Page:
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Golden West Homes Studies Lyon Co. Bid

December 19, 1985|LESLIE BERKMAN | Times Staff Writer

Golden West Homes, the Santa Ana-based producer of mobile homes and factory-built housing, said a special committee of its board of directors will not make a recommendation until next month on whether to accept the William Lyon Co.'s offer to buy out its public shareholders for $9.3 million, or $3.75 a share.

Meanwhile, the offer made on Nov. 13 technically expired a week later, according to William Lyon, chairman of the Newport Beach home-building company bearing his name.

Lyon said he is still deciding whether to continue the offer. The whole matter currently is "in limbo," he said.

"It (the offer) is under advisement," said Jack Steele, chairman of a subcommittee of Golden West directors formed to determine if the offer was a "fair price." Steele added Wednesday that the subcommittee is prepared to make its recommendation, which he would not disclose, to the next meeting of the full board of directors, which may occur early next month.

Opposing Views

Stock market analysts Wednesday expressed opposing views of the viability of the proposed transaction. They agreed, however, that Golden West's estimation of the adequacy of the Lyon offer will be colored by the sudden rise in the selling price of Golden West's stock that occurred just before the announced buy-out proposal. The day before the offer was made public, Golden West shares closed at $4.50 a share, up $1.25 a share.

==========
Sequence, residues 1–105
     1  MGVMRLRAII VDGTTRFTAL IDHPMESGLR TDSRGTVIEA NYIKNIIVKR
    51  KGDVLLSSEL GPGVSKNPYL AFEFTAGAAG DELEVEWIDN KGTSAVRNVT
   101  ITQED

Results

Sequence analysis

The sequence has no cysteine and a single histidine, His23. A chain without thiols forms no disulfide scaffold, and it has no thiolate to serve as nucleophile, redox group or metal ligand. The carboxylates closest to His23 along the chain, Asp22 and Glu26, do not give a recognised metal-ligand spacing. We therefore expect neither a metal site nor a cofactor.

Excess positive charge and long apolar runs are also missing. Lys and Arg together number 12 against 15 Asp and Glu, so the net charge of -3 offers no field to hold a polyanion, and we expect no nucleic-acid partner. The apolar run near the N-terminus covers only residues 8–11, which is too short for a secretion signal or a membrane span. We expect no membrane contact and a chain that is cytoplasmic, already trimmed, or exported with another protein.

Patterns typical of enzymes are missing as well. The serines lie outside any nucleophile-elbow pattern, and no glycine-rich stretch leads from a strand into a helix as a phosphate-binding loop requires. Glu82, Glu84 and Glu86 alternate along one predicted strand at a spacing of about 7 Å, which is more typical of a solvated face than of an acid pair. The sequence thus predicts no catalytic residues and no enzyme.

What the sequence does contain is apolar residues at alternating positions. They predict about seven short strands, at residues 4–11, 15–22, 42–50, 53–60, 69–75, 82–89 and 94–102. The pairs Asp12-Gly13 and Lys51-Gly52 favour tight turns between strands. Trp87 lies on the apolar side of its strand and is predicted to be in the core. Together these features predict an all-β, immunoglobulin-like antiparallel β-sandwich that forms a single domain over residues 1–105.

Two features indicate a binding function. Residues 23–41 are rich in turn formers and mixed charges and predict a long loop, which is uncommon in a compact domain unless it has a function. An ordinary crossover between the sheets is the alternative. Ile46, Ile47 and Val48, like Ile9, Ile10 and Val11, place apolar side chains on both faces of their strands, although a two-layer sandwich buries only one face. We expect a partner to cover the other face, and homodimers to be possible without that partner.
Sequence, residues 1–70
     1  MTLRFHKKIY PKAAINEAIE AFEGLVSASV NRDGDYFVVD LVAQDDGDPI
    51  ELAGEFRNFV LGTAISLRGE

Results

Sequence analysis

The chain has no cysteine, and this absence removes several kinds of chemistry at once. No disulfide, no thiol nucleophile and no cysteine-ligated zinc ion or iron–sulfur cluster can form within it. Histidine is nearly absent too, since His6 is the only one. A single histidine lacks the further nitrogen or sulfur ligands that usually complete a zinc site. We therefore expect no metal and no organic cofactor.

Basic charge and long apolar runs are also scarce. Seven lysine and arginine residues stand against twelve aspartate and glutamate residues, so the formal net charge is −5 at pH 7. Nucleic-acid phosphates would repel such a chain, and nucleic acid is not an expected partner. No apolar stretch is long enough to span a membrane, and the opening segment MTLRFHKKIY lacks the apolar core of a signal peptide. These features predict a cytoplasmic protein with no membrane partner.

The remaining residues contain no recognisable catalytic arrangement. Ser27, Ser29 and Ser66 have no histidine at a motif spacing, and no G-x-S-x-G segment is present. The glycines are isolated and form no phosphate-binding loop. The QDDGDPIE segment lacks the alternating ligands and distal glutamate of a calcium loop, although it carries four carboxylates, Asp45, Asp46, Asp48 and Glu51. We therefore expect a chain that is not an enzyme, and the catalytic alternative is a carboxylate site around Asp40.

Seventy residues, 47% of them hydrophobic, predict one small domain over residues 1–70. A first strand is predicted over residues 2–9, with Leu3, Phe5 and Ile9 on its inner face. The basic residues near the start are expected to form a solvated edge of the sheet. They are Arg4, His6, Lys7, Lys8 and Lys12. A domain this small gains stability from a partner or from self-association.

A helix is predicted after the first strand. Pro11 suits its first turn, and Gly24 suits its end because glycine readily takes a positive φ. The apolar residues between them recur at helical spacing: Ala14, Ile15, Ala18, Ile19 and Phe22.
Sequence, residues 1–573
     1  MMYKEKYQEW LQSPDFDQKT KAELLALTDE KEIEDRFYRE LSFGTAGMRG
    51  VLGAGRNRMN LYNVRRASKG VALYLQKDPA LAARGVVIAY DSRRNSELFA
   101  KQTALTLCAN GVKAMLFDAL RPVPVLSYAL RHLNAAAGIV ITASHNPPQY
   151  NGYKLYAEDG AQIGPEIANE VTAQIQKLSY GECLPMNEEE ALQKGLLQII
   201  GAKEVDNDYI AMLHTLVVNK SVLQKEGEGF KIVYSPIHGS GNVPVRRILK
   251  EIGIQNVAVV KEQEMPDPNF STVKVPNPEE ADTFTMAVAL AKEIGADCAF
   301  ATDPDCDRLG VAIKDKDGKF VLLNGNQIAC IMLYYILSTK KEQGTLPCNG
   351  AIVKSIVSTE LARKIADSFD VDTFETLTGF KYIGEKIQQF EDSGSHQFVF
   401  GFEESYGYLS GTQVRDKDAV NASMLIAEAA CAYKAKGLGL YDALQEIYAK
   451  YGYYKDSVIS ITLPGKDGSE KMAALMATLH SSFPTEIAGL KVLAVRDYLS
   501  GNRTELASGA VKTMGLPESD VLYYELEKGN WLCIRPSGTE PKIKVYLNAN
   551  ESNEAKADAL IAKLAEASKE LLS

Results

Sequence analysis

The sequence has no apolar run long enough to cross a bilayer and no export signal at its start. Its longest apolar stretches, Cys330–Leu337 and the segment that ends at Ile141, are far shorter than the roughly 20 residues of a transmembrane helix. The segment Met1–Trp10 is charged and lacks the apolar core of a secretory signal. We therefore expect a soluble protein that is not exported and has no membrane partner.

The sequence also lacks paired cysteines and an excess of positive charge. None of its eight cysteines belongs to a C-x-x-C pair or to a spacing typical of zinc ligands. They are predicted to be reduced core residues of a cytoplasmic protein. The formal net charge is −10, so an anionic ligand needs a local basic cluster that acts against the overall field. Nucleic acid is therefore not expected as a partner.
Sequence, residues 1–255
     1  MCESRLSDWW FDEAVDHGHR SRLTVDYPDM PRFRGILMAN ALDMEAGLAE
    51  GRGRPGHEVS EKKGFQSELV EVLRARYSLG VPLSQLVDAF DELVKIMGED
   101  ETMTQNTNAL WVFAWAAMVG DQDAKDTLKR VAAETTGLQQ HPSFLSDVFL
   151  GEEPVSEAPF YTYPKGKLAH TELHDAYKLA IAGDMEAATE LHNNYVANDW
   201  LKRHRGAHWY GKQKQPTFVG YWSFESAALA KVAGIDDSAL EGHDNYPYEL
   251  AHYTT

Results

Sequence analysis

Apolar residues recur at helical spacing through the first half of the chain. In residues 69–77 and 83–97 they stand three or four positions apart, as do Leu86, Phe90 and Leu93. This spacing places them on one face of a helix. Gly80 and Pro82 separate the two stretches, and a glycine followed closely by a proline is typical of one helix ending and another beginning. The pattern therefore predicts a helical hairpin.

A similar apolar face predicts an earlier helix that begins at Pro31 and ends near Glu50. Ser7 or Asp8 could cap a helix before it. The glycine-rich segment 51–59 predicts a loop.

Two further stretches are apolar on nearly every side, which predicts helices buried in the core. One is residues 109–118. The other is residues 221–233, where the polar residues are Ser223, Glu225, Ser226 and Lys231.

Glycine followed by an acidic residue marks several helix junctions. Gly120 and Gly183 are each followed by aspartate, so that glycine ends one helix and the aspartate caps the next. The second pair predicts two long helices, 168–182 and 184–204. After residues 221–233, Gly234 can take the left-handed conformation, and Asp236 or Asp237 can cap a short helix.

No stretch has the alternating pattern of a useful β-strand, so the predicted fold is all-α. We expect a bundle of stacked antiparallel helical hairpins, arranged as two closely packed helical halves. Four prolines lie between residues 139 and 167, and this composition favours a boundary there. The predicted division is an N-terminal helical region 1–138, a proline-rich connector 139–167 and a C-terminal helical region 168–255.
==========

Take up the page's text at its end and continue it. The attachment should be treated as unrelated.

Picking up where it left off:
But since the announcement, the selling price of the Golden West stock has slipped. It was $3.62 in trading on the American Stock Exchange Wednesday, just slightly below the $3.75 offer.

"If the $3.75 had been acceptable to the company, I think we would have heard an announcement by now," said David V. Jackson of the Los Angeles investment firm of Morgan, Olmstead, Kennedy & Gardner. Despite the uncertainty of the transaction, Jackson said he still is recommending investment in Golden West. He said that after three years of net losses, Golden West has trimmed its overhead and is ready to move into the black.

Kenneth Campbell, president of Audit Investments, a New York real estate investment adviser, was not ready to write off the Lyon proposal because of Golden West's delay in responding. "As a practical matter, you can't respond that fast," he said, adding, "I wouldn't assume the deal is dead unless they say it's dead."

Campbell said he believed that Lyon's involvement in Golden West, in which he previously acquired a 27.9% interest, is a "major positive" for the small, struggling mobile home manufacturer.

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